In this volume, Tai-Chan the kitten is always at Sue’s house, so I don’t know what happened with that part where he went back to his original owner? Shrug. On the very first pages, the kitten from last time shows up, and the two start playing wildly. Sue thinks this is her chance to rest, but she can’t completely escape their antics and noise. Only when the kittens collapse to sleep does she get some peace and quiet. It gets hot in the summer, and now the cats are looking for cool places to rest (they end up trying to open the freezer). Tai-Chan struggles when he first has to get his claws trimmed. He’s baffled by the sight of birds on the television that he can’t catch, and likewise objects through the window. He’s terrified by thunderstorms, though Sue tries to assure him it’s okay. The kitten practices sneaking and pouncing some more, and encourages Sue to play hide-and-seek with him, and tag. He goes outside and finds the other kitten again, they explore things. He goes into a neighbor’s house where Fuku Fuku lives (an older cat in this book), and tries to share her food. Back home, Tai-Chan is excited when the owner has sashimi for dinner, and Sue shows him how to effectively beg by looking super cute. Tai-Chan plays with a ribbon, and finds something curious inside a container- when he asks Sue what is is, she investigates and gets her head stuck! This book ends in a cliffhanger- the owner packs to leave for a weekend trip, makes preparations for the cats by setting out extra food and water, but then Sue and Tai-Chan go in the backyard and accidentally get locked outside. They’re stunned and don’t know what to do. I was a tad irked not being able to continue that storyline right away, as my library doesn’t have book 5 yet.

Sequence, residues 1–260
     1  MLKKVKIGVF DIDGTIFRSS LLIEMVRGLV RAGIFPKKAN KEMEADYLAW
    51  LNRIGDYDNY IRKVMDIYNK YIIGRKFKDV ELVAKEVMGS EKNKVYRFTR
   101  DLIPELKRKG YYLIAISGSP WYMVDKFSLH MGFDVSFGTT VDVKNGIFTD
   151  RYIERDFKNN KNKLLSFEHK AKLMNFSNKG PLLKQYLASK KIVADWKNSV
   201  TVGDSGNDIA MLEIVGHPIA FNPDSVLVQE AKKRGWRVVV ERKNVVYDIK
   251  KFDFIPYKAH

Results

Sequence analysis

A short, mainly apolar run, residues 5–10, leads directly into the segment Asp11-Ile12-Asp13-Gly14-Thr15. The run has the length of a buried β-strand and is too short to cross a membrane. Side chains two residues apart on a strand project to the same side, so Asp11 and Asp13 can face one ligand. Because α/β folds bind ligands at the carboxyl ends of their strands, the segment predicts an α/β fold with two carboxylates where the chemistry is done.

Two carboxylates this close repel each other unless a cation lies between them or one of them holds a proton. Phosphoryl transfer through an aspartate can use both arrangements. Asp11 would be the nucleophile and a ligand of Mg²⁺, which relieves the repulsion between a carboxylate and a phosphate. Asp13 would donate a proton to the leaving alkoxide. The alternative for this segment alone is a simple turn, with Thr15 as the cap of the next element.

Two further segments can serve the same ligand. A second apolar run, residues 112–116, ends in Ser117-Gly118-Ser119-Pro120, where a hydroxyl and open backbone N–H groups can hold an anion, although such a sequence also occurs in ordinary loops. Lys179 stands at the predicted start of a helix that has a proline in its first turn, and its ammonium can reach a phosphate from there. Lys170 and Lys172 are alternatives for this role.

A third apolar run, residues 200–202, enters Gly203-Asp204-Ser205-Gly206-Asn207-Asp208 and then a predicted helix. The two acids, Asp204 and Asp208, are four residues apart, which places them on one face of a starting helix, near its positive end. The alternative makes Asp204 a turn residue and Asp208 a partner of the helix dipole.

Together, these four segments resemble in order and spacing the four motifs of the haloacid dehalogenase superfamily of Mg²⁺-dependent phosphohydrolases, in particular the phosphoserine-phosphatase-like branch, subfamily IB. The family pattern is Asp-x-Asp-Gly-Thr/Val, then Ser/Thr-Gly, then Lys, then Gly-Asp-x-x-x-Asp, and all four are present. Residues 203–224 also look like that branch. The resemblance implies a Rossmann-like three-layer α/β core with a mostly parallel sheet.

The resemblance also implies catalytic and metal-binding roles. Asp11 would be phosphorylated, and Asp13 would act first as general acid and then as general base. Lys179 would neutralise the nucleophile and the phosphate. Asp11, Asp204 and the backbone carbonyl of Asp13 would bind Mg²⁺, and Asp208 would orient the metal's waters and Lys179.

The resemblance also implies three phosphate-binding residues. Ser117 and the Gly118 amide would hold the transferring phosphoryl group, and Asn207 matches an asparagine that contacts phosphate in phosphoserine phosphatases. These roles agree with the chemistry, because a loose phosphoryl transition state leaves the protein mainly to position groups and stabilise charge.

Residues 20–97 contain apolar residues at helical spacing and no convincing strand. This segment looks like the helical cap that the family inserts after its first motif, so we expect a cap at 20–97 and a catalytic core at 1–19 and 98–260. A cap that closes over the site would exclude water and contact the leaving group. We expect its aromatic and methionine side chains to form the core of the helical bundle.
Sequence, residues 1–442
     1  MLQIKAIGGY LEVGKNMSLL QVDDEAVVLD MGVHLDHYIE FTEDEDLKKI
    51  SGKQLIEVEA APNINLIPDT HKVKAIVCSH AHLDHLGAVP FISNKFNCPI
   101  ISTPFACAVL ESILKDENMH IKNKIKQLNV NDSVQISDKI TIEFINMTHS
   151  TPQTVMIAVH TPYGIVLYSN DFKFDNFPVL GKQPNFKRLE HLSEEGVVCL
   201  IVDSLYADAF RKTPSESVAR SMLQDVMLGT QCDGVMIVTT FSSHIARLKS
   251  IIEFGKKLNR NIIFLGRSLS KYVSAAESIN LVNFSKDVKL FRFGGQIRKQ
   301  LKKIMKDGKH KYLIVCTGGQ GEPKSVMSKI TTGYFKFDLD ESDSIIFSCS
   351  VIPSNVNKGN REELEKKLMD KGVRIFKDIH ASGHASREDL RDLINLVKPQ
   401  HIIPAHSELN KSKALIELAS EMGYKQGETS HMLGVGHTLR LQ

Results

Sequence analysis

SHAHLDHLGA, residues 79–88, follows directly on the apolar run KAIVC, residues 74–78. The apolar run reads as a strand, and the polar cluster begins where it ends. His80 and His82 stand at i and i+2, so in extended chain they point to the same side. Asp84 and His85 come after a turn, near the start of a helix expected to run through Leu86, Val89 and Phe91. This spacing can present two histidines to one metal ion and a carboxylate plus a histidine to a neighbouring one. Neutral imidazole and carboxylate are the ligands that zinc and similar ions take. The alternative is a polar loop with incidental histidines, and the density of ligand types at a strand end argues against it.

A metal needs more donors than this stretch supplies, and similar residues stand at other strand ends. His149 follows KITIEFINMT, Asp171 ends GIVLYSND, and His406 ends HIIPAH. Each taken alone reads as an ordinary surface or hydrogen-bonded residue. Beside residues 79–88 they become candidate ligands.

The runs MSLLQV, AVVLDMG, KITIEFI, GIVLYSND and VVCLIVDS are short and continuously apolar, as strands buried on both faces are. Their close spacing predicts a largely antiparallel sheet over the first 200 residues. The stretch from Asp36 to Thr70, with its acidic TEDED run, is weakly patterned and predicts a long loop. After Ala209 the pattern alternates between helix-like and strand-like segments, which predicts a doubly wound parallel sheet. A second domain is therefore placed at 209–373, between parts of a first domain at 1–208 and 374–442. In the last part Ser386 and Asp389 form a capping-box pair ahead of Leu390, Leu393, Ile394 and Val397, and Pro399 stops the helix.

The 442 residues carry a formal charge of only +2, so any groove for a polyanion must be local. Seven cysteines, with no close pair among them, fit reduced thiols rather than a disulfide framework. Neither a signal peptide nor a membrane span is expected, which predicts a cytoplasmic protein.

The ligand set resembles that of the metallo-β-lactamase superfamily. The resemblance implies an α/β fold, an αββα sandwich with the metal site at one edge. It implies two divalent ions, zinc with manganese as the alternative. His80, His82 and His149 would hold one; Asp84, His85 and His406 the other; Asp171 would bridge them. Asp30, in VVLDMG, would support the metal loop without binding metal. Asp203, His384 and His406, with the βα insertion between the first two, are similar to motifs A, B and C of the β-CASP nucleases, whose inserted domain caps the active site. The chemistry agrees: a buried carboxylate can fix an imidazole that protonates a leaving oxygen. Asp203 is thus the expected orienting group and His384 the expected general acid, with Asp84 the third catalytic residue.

Pages at the back have another little extra, about how the author once trapped a stray injured cat (with help from a volunteer) in order to get it medical care.
Borrowed from the public library.